A state audit of the Plainview Water District budget criticizes the agency's accounting and ethics, citing among other things $770,000 in overspending in one year, personal use of a work vehicle, and the questionable hiring of relatives.
The comptroller probed the district's financial practices between January 2010 and April 2011.
"The District's code of ethics did not address or establish procedures in relation to hiring, supervising, and evaluating the performance of family members," the report read. "In two instances, we found no indication that Board members recused themselves when members of their immediate families were appointed as District employees."
Auditors also found the superintendent's annual leave accruals exceeded the provisions of his employment agreement.
District officials "generally disagreed with our findings and recommendations, and indicated they would take limited correction action," the report by Comptroller Thomas DiNapoli's office read.
A summary of the Plainview audit was widely released by the comptroller's office by email Wednesday, but the full report was later removed from his website. A comptroller spokesman would not say why.
Newsday obtained a cached version of the report.
District officials were not identified by name in the audit, but Richard W. Tobin has served as superintendent since January 2009.
According to the report:
A sport utility vehicle was purchased for his business and personal use, though he kept no log of when and how the vehicle was used. The district could have saved $41,000 over five years had he used his personal vehicle.
The district paid $2,000 in tuition for an employee who is also the superintendent's immediate family member and whose grades did not meet district policy requirements. The superintendent determines whether the courses are in the district's best interest.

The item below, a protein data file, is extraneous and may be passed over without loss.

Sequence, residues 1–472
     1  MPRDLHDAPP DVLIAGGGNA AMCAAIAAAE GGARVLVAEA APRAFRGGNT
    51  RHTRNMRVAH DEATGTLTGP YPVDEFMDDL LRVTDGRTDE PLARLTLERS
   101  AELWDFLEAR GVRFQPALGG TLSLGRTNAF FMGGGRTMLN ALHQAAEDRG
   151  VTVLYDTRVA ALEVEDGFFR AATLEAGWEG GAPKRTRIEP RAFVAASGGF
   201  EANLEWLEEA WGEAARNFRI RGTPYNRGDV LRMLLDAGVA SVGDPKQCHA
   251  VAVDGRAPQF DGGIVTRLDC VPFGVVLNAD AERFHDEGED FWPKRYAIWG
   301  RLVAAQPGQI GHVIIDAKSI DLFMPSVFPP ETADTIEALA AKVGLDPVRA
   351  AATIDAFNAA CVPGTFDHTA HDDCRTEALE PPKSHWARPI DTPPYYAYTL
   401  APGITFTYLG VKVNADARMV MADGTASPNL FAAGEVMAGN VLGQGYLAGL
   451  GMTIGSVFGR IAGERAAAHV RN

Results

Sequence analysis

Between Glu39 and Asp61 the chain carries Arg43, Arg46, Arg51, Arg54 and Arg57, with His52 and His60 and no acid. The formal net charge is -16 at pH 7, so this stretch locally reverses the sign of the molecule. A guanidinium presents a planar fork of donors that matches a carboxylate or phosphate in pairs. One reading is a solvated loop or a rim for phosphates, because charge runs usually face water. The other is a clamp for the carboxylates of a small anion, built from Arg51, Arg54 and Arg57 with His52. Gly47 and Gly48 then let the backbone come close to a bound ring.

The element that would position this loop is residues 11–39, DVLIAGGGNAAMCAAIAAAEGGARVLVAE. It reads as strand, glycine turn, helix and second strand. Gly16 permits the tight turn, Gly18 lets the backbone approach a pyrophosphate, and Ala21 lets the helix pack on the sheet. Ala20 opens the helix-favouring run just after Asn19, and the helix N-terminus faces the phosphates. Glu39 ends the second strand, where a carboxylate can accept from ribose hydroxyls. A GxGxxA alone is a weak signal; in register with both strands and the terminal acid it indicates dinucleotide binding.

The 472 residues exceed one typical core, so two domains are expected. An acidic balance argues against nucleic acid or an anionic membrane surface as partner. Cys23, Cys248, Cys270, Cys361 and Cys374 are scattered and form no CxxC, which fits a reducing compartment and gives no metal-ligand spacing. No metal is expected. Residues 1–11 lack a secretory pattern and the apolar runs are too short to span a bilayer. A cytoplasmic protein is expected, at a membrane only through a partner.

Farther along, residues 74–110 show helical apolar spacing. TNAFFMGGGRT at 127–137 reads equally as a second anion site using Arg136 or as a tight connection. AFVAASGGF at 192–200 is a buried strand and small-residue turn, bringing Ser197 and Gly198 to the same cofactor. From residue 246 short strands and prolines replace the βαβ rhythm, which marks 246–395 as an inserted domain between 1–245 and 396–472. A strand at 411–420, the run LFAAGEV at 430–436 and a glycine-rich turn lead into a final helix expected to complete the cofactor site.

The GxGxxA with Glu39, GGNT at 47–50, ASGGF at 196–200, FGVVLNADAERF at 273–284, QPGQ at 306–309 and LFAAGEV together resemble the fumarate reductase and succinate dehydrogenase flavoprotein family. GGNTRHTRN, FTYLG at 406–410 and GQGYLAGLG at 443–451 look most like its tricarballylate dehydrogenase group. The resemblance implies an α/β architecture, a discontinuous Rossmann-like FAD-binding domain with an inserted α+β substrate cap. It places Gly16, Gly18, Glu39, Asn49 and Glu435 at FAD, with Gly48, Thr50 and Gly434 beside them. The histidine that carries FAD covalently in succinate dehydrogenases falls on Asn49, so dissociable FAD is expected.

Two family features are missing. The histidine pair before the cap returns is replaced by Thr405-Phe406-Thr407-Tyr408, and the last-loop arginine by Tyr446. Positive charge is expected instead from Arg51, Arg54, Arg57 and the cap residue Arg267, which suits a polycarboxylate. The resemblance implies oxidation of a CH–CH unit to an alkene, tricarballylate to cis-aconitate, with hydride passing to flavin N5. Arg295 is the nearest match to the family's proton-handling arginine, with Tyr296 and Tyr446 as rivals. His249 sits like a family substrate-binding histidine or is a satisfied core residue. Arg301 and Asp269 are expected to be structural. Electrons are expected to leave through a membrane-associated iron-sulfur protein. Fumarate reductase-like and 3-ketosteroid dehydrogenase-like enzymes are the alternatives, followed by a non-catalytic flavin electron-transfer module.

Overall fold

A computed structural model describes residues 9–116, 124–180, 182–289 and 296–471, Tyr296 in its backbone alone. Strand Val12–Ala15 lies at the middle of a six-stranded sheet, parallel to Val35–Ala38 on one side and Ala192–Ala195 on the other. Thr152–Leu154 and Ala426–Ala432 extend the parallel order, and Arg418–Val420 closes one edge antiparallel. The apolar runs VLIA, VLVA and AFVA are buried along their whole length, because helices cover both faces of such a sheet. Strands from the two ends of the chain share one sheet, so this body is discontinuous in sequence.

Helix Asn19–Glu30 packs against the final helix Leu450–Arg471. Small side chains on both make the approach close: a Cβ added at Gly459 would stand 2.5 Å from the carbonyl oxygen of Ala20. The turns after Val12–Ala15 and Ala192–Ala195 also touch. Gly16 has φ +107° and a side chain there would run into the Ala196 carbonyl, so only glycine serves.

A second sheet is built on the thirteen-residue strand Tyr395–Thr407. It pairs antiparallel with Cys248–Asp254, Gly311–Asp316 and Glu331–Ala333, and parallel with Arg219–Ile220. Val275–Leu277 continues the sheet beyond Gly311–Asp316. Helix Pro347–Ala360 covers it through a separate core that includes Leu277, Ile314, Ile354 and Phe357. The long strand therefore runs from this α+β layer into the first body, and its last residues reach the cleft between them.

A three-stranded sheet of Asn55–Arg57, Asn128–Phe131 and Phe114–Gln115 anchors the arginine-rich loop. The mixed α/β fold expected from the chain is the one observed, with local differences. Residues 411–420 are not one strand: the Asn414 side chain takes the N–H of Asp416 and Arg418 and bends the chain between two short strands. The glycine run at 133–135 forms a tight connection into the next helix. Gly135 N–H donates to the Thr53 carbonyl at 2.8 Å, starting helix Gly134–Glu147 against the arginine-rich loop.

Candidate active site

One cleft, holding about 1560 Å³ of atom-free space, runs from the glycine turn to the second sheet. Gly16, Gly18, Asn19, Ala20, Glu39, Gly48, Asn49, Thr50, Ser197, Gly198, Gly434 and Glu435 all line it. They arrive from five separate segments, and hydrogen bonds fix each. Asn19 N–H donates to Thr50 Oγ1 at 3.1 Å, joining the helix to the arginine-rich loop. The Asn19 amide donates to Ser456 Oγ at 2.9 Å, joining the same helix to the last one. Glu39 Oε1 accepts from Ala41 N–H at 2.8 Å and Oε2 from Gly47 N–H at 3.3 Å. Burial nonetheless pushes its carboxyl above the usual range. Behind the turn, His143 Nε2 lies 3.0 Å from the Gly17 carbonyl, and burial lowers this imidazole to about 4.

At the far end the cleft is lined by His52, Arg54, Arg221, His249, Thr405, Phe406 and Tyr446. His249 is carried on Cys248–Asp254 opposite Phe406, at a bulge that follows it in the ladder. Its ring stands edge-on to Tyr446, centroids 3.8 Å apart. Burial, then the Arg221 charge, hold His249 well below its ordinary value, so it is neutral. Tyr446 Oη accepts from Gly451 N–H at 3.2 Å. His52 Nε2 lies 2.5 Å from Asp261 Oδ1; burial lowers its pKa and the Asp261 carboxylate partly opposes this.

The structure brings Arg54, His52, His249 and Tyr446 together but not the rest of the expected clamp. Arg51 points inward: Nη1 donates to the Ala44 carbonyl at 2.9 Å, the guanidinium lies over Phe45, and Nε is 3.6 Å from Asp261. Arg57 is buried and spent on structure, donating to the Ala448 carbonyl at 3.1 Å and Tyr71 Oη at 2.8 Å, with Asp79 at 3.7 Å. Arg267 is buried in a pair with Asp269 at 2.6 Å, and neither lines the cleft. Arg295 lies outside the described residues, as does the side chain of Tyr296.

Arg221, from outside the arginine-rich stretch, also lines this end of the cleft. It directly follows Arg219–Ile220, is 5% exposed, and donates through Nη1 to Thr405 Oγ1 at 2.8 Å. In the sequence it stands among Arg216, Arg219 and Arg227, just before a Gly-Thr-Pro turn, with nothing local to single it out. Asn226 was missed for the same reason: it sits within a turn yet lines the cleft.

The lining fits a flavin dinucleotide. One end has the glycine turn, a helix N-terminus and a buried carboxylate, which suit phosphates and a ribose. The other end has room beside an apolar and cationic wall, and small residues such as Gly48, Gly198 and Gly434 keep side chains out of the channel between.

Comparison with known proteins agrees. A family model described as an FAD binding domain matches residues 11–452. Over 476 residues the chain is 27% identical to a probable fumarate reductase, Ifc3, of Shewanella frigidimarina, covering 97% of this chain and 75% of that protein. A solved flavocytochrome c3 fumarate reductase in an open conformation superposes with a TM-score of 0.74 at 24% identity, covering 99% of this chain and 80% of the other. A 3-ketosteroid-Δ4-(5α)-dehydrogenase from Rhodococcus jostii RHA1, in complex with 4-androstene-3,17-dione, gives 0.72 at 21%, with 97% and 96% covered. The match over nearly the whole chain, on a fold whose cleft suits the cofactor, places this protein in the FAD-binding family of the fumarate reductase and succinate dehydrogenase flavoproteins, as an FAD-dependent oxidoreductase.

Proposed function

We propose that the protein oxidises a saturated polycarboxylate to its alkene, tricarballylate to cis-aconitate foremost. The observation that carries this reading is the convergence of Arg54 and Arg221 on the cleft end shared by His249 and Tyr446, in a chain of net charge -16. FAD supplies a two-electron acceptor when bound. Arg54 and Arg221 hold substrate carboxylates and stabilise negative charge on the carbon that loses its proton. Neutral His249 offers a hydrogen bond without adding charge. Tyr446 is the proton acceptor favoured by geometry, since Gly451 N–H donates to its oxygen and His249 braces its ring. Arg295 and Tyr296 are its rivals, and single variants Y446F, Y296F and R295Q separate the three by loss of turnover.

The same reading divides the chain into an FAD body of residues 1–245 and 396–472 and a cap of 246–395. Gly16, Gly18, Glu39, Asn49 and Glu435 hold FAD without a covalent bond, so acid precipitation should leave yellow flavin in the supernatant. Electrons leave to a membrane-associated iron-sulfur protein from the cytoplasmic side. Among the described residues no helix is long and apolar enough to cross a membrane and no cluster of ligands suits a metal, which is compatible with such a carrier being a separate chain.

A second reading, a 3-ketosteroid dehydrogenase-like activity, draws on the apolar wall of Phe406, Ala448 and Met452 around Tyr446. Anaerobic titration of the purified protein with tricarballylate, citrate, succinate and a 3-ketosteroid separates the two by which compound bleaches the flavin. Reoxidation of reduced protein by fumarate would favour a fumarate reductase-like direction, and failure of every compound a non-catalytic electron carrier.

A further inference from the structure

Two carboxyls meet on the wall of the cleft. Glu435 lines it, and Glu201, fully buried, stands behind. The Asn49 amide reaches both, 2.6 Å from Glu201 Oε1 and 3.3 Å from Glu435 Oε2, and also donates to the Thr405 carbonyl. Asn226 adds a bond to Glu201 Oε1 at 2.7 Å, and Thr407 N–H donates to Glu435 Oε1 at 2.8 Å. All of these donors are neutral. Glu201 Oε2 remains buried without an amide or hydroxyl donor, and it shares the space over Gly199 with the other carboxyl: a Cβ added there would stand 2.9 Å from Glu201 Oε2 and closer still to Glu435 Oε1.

The district defended both practices in a statement.
"The Board of Commissioners considers the Superintendent a critical first responder who is on call seven days a week, 24 hours a day and must have a properly equipped vehicle to perform his duties," the statement read. "Like many other municipalities, the District provides tuition incentives for employees seeking additional training and education that would better equip them on the job."
The district did not address any accounting issues.
Auditors found that in 2010, the board of commissioners did not require regular budget reviews, leading to $770,000 in over-expenditures and $1 million in urgent year-end budget transfers. The district avoided a deficit only because it had $1.2 million in underestimated revenues.
The district that year also issued debt to fund capital projects, though it had $2.7 million in capital reserve funds, the report said.
Auditors also found information technology security lapses so egregious that the vulnerabilities could not be listed in the report and had to be communicated confidentially.